Speaking of Dan, his customer service game is on another level compared to all of the other services I’ve tested. Turnaround time for your orders is quick and he keeps you updated if something is taking longer than normal.
A few months ago I had a reader contact me for help evaluating a backlink purchased from GotchSEO’s guest post service. I gave him some tips, which I’ll share below in case you need a bit of guidance on evaluating your links.
The first thing that I look for is to see if the site has real traffic (if it’s a guest post, cause if it’s a PBN link there’s likely no traffic). You can use Ahrefs or SEMrush for that. Sometimes you can even use Similar Web if the site has good traffic.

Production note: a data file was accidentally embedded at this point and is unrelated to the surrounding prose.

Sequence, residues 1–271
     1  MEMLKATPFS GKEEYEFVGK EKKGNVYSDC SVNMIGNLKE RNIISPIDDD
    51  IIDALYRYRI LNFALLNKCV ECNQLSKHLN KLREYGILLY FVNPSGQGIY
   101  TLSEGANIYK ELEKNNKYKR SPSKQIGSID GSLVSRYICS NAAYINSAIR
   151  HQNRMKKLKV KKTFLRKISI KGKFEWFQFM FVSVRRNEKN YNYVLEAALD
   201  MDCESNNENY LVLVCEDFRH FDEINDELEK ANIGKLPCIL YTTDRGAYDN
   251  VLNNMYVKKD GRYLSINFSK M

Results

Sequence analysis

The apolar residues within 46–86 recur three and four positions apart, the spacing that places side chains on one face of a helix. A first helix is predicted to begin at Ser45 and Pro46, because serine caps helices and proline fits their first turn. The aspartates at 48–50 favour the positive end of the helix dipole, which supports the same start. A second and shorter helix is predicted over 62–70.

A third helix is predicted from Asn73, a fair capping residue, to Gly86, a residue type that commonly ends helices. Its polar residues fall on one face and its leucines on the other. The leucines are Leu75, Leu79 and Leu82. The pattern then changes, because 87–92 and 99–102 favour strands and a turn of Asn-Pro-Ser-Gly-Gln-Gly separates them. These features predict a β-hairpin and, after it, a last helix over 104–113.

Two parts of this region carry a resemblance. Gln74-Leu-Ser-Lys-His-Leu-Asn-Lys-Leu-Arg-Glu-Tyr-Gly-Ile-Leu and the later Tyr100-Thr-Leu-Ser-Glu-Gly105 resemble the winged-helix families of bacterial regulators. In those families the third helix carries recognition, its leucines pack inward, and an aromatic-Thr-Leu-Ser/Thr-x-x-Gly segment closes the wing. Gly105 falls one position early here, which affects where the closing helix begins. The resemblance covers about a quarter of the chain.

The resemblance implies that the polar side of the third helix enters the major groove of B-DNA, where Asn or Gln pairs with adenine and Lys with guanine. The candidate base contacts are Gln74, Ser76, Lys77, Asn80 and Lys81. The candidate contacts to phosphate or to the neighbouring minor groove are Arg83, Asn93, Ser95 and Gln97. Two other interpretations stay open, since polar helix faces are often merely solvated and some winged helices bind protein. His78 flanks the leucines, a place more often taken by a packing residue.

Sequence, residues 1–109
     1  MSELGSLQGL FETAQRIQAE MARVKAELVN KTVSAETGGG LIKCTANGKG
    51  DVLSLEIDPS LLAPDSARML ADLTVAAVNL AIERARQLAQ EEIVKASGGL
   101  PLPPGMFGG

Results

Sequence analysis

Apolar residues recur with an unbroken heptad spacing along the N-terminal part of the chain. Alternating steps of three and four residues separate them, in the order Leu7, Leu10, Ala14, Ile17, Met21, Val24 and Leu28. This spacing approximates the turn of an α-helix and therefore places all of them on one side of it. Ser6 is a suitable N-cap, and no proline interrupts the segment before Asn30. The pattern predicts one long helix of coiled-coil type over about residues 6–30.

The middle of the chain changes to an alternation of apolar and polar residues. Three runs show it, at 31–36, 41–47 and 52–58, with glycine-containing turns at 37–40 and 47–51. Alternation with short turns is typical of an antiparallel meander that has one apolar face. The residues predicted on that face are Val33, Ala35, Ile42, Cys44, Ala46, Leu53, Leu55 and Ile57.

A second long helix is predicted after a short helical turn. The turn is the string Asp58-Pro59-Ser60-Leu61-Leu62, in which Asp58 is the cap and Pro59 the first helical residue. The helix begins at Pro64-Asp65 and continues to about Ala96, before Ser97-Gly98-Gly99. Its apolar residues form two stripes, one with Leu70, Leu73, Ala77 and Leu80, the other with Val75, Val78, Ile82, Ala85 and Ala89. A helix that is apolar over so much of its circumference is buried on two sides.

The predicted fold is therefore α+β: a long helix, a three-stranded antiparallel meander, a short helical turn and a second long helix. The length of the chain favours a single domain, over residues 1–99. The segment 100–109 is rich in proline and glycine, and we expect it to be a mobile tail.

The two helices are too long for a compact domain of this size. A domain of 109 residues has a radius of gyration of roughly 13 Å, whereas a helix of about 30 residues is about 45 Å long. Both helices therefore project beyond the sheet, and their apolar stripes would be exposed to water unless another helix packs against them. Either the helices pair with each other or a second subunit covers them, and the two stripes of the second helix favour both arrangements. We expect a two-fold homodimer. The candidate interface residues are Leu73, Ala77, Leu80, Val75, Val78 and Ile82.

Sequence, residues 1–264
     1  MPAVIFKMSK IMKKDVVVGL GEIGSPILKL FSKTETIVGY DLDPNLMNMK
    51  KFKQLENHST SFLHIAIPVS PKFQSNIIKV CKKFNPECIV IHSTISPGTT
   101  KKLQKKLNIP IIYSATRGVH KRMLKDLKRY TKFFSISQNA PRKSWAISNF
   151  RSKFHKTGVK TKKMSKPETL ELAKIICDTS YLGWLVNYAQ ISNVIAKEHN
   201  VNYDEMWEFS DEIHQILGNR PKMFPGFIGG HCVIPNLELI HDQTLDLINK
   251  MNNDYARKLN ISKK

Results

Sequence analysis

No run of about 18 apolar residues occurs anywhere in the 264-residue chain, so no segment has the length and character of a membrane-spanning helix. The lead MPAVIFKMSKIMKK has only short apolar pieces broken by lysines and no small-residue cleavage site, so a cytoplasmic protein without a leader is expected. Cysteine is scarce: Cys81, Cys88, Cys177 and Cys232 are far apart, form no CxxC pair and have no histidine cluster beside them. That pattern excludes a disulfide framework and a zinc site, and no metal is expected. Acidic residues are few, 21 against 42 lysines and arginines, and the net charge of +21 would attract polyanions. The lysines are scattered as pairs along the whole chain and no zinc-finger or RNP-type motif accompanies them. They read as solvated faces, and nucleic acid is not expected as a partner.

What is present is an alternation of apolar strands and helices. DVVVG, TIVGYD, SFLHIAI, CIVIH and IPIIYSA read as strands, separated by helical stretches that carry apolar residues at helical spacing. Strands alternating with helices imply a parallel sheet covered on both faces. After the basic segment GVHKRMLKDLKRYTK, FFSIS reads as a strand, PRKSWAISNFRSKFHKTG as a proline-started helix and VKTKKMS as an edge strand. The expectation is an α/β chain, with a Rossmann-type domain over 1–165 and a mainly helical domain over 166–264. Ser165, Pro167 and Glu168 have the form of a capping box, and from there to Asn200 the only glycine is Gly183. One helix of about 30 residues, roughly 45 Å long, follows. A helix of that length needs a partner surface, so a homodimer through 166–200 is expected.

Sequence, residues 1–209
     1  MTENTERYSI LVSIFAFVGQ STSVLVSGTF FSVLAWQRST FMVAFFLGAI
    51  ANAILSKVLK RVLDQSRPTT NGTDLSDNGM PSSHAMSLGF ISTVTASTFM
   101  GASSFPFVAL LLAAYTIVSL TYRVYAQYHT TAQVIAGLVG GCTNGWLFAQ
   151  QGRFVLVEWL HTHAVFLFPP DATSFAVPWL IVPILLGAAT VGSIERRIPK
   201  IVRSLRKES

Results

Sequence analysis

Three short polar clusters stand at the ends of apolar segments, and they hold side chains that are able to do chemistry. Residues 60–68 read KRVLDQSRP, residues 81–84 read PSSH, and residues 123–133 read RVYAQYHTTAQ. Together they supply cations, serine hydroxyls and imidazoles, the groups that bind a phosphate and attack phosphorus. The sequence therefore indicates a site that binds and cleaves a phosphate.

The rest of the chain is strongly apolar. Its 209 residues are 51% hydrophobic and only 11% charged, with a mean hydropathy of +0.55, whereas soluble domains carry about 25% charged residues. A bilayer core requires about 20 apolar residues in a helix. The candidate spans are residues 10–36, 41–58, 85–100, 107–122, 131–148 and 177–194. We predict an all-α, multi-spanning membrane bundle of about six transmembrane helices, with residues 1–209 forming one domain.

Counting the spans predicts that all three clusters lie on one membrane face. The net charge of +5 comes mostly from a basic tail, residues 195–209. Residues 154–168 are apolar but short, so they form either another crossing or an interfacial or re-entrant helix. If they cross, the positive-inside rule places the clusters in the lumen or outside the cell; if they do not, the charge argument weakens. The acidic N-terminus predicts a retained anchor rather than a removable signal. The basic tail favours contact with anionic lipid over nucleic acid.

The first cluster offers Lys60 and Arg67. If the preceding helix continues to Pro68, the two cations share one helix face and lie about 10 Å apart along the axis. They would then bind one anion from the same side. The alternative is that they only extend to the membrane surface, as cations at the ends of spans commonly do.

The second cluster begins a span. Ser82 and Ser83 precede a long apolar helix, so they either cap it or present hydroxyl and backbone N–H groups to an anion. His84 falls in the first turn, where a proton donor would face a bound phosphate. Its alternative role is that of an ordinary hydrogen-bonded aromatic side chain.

Next, I look at the site in the Wayback Machine to determine if it is a real site or if someone is trying to pull a fast one by using an expired domain that they’ve repurposed for selling links.
Then, I check out the backlink profile of the site to see if it’s got good metrics due to spam links that inflated it artificially or real links.
Ideally, when I spend the kind of money that Gotch charges, I want something that is niche relevant and actually sends some traffic my way. When I pay for guest post links like this (I haven’t tested this particular service), I always compare it like this – could I have gotten a better PBN link for the same or cheaper? I know a lot of people don’t use PBNs, but I think as long as you don’t exceed 10% – 15% PBN links in your overall backlink profile then you’re fine. And also, I ask “did I see some movement in the SERPs from this link?”